As drought, feed costs, and urban development wear on West Coast milk producers, states like Nebraska, Kansas and Iowa are pitching themselves as a dairy heaven.
Even in California, the nation’s No. 1 dairy state, many dairy farmers are listening.
For the Midwest, an influx of dairies isn’t just about milk. It’s about pumping dollars into the rural economy.
“Dairymen in California are being surrounded by population, the price of land or development is high and so they’re really kind of landlocked,” said Willow Holoubek, executive director of AFAN, the Alliance for the Future of Agriculture in Nebraska.
Holoubek is one of Nebraska’s primary dairy recruiters. Like agriculture officials from other Midwest states, Holoubek has been going to big farm shows like the World Ag Expo in Tulare, Calif., pitching Nebraska as a dairy destination.
“We have ample land,” Holoubek said she tells dairy farmers. “We have ample clean water because we live above an underground lake called the aquifer. That also means we have a very stable feed supply.
The thought of moving somewhere with lots of available water and open spaces gets the attention of dairy farmers like Marty DeHoog.
DeHoog moved more than 1,400 miles from southern California to a 500-cow dairy in eastern Nebraska last summer.
As he walked through one of his barns near the town of Seward, DeHoog seemed to know each one of the black and white Holsteins by the number on its yellow ear tag.
DeHoog is a third-generation dairy producer from the Chino Valley east of Los Angeles. His grandfather immigrated to California from the Netherlands. Over 70 years, his family built a dairy business in what he says was once one of the most dairy-rich areas in the country.
“On our block in southern California there were six dairies on 160 acres,” DeHoog said. “There [were] 4,000 milk cows on 160 acres.”
So why would he uproot his family to move halfway across the U.S.? A big reason is the valley that used to be dairy-country is quickly becoming part of the city.
“Now within a mile there’s brand new housing tracts and they’re putting in seven or eight houses per acre,” DeHoog said. “It’s the only piece of open dirt available to build on between L.A. and Barstow, pretty much.”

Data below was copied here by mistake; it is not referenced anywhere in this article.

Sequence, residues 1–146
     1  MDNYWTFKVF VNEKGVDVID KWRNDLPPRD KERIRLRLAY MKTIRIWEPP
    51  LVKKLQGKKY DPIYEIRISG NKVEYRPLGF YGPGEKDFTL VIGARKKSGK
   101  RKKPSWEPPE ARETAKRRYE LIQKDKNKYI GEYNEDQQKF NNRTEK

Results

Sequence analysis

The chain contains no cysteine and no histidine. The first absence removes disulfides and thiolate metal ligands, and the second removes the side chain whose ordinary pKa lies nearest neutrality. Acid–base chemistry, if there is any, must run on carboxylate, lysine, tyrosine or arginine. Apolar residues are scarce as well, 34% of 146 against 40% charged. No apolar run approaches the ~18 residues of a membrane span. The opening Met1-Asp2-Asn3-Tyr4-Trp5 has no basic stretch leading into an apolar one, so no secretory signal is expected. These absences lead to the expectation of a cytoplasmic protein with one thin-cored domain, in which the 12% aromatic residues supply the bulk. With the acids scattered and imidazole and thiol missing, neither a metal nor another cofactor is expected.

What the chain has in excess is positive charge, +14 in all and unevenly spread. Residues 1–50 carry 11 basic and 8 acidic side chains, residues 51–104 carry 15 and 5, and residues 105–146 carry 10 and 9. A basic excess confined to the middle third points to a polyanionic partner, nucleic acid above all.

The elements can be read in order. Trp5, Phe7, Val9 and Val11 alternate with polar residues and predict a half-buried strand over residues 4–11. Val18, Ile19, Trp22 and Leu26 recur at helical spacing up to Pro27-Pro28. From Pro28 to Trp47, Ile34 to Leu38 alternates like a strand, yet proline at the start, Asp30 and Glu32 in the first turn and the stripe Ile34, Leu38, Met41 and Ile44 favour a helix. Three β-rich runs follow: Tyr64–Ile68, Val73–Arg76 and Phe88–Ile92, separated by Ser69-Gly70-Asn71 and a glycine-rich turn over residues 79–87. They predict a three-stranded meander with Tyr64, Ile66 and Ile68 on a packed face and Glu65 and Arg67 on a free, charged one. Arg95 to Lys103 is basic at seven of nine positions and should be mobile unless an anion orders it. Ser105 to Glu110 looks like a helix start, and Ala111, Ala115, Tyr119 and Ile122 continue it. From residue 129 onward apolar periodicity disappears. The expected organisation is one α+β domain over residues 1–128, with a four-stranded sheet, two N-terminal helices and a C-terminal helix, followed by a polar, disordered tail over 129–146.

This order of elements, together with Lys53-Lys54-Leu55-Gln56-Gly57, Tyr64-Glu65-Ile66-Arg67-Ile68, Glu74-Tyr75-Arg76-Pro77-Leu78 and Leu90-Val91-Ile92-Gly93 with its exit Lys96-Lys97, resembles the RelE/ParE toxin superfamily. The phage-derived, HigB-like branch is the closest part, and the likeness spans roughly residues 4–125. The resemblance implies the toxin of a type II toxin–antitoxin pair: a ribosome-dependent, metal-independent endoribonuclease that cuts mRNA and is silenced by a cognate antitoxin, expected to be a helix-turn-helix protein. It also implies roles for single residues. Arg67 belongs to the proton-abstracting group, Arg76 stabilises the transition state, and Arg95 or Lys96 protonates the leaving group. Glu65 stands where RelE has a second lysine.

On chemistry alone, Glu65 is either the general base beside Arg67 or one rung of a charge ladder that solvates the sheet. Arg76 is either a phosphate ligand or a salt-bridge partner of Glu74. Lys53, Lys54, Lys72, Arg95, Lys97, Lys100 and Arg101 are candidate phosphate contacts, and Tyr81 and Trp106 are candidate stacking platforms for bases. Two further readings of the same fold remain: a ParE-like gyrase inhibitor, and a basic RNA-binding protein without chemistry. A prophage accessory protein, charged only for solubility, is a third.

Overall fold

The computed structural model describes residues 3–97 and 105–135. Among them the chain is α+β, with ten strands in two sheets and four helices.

Being crowded by urbanization create challenges. Feed for the animals has to be shipped in, making it more expensive. Manure has to be trucked out, sometimes up to 70 miles, so it can be spread on farm fields as fertilizer.
DeHoog started shopping around for a new home. He looked at Idaho, Texas, and Colorado but eventually settled on Nebraska.
DeHoog is renting the dairy near Seward right now. After the family property is sold in California he wants to build a new farm, and that would mark a big economic investment for Nebraska says Jeff Keown, a retired dairy specialist with the University of Nebraska-Lincoln.
“Just in construction costs of building a new dairy, which would go right into the local community, we’re talking about $5,000 to $7,000 per cow,” Keown said.
For example, it would take $14-15 million to build a new, 2,000 cow dairy. And a dairy that size takes about 20 full time workers, which Keown points out is often more employees than a Main Street business in town.
That doesn’t mean California should worry about the Midwest poaching away its dairy industry. It’s still the top dairy state. But Marty DeHoog says, for him, Nebraska was a good move.
“I drive around here and see fields of corn, fields of soybean, alfalfa. Everything’s here,” DeHoog said.
One drawback of moving is that he was surrounded by dairies in California. Now he feels a little isolated.
“One buddy went to Idaho. A couple other dairymen from northern California went to South Dakota, Iowa. They went a lot of places. I came to Nebraska and I didn’t know nobody,” DeHoog said.
The state is hoping that if their recruiting plan works, he won’t stay lonely for long.
This story was reported in partnership with Valley Public Radio in Fresno, Calif.